Just before 5 a.m. on a Sunday morning, a 7.3-magnitude quake struck in Landers, 100 miles east of Los Angeles. Because the Landers area is sparsely populated, damage was relatively minor given the intensity of the jolt. In Los Angeles, residents experienced rolling and shaking for nearly a minute. The tremors were also felt in Arizona, Las Vegas and as far away as Boise, Idaho.
    Just over three hours later, a second 6.3-magnitude tremor hit in Big Bear, not too far from the original epicenter. This quake caused fires to break out and cost three people their lives. A chimney fell on a 3-year-old child and two people suffered fatal heart attacks.
    Between the two quakes, 400 people were injured and $92 million in damages were suffered. The physical damage was also significant. The quakes triggered landslides that wiped out roads and opened a 44-mile-long rupture in the earth, the biggest in California since the 1906 San Francisco quake.
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    On this day in 2006, after a flurry of rumors, DaimlerChrysler chairman Dieter Zetsche announces that the company's urban-focused Smart brand–already popular in Europe–will come to the United States in early 2008.
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    On this day in 2007, the United States removes one of its most commonly-used national symbols from its List of Endangered and Threatened Wildlife. The de-listing of the bald eagle, which had been close to vanishing from North America around the middle of the 20th century, was one of the most notable wildlife rehabilitation efforts in American history.
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    On this day in 1914, Archduke Franz Ferdinand of Austria and his wife Sophie are shot to death by a Bosnian Serb nationalist during an official visit to the Bosnian capital of Sarajevo. The killings sparked a chain of events that led to the outbreak of World War I by early August. On June 28, 1919, five years to the day after Franz Ferdinand's death, Germany and the Allied Powers signed the Treaty of Versailles, officially marking the end of World War I.
    :pshoopshoo:

    On this day in 1953, workers at a Chevrolet plant in Flint, Michigan, assemble the first Corvette, a two-seater sports car that would become an American icon. The first completed production car rolled off the assembly line two days later, one of just 300 Corvettes made that year.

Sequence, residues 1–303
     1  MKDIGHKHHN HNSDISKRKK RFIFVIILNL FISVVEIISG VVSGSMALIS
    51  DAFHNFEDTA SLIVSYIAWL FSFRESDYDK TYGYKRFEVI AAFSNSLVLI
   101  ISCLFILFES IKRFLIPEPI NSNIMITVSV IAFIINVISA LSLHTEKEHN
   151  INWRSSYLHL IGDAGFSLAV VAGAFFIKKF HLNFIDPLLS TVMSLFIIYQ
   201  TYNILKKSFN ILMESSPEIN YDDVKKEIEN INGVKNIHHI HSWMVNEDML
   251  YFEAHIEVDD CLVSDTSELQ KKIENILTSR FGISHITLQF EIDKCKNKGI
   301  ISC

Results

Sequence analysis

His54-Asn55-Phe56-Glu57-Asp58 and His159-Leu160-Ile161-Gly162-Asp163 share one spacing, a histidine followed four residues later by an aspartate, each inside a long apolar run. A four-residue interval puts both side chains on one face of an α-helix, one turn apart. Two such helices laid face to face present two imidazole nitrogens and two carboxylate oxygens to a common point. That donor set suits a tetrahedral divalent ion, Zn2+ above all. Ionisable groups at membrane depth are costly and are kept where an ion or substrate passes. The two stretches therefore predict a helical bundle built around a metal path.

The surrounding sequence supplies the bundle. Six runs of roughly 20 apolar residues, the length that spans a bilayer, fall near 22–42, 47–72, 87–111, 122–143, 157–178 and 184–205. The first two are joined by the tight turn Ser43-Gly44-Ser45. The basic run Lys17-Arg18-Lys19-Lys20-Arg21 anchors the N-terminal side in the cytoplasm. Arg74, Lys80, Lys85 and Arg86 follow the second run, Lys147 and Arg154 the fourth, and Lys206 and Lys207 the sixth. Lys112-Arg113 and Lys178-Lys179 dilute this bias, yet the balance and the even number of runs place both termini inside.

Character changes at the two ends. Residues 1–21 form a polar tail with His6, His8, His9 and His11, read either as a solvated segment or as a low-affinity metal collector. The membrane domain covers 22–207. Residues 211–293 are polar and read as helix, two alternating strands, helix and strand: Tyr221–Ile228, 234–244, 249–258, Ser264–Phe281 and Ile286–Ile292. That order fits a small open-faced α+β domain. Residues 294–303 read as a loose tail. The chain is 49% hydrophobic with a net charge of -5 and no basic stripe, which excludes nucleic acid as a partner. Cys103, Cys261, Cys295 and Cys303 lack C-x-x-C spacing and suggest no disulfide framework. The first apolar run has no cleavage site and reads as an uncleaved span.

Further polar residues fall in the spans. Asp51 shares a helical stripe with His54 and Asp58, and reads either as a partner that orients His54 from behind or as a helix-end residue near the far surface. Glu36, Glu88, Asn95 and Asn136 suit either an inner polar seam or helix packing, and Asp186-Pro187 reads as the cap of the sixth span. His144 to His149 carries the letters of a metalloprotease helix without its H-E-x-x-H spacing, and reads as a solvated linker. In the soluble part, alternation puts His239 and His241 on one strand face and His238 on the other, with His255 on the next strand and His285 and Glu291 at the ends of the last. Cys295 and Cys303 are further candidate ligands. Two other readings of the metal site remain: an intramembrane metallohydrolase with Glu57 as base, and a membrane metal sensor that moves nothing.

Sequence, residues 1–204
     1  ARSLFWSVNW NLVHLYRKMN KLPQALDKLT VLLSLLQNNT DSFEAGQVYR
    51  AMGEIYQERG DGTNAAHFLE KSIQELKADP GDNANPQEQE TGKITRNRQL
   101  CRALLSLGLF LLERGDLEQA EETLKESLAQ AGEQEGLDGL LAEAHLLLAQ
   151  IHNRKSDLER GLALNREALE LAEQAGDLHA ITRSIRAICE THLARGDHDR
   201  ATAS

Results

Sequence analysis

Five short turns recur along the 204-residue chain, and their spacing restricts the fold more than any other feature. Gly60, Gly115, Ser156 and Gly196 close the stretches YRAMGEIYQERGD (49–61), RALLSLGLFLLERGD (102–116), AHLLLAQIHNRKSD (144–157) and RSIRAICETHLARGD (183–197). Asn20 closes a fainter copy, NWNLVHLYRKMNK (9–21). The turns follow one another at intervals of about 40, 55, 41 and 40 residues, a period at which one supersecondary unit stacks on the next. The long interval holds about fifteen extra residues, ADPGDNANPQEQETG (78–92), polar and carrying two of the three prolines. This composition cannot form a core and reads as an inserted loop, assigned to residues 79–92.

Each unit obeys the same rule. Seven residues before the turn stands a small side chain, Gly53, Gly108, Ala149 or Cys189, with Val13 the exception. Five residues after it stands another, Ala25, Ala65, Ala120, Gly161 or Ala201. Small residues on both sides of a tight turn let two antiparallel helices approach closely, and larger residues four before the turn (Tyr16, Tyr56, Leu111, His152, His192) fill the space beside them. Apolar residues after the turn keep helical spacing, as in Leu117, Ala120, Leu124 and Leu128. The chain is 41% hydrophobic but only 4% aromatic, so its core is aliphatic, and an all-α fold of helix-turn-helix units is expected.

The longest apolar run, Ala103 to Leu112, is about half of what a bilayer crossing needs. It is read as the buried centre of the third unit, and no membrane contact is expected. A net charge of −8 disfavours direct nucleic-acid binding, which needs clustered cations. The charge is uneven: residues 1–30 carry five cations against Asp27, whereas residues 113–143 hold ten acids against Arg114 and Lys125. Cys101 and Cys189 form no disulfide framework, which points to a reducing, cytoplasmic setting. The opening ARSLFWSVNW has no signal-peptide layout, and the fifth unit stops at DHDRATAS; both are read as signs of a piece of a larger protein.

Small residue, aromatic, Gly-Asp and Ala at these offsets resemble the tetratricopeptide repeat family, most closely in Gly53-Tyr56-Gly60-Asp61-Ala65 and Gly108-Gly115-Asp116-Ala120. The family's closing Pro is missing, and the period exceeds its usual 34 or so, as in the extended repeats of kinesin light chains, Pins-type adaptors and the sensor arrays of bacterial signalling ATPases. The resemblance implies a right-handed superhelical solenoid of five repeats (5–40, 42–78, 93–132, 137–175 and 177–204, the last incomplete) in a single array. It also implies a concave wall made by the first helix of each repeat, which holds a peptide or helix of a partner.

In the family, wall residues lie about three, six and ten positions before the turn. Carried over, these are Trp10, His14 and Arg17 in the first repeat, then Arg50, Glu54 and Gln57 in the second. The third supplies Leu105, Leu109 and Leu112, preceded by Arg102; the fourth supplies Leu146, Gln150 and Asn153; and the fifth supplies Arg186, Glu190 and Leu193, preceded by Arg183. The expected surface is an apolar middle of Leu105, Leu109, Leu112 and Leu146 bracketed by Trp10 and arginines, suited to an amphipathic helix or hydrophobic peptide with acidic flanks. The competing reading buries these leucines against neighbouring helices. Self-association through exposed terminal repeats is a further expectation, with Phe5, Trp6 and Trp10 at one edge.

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    On this day in 1965, in the first major offensive ordered for U.S. forces, 3,000 troops of the 173rd Airborne Brigade–in conjunction with 800 Australian soldiers and a Vietnamese airborne unit–assault a jungle area known as Viet Cong Zone D, 20 miles northeast of Saigon. The operation was called off after three days when it failed to make any major contract with the enemy.
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    On this day in 1972, President Nixon announces that no more draftees will be sent to Vietnam unless they volunteer for such duty. He also announced that a force of 10,000 troops would be withdrawn by September 1, which would leave a total of 39,000 in Vietnam.
    :yaysmiles:

    On this day in 1997, Mike Tyson bites Evander Holyfield's ear in the third round of their heavyweight rematch. The attack led to his disqualification from the match and suspension from boxing, and was the strangest chapter yet in the champion's roller-coaster career.
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  13. snache

    snache Should be a custom title here

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    On this day in 1992, two of the strongest earthquakes ever to hit California strike the desert area east of Los Angeles. Although the state sits upon the immense San Andreas fault line, relatively few major earthquakes have hit California in modern times. Two of the strongest, but not the deadliest, hit southern California on a single morning in the summer of 1992.
    Just before 5 a.m. on a Sunday morning, a 7.3-magnitude quake struck in Landers, 100 miles east of Los Angeles. Because the Landers area is sparsely populated, damage was relatively minor given the intensity of the jolt. In Los Angeles, residents experienced rolling and shaking for nearly a minute. The tremors were also felt in Arizona, Las Vegas and as far away as Boise, Idaho.
    Just over three hours later, a second 6.3-magnitude tremor hit in Big Bear, not too far from the original epicenter. This quake caused fires to break out and cost three people their lives. A chimney fell on a 3-year-old child and two people suffered fatal heart attacks.
    Between the two quakes, 400 people were injured and $92 million in damages were suffered. The physical damage was also significant. The quakes triggered landslides that wiped out roads and opened a 44-mile-long rupture in the earth, the biggest in California since the 1906 San Francisco quake.

    I remember that well, was just laying in bed for the first one. Went out in the desert plinking later and saw the crack running down the desert.
     
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  14. crogers

    crogers Magnus advocatus diaboli Super Moderator Brigade Member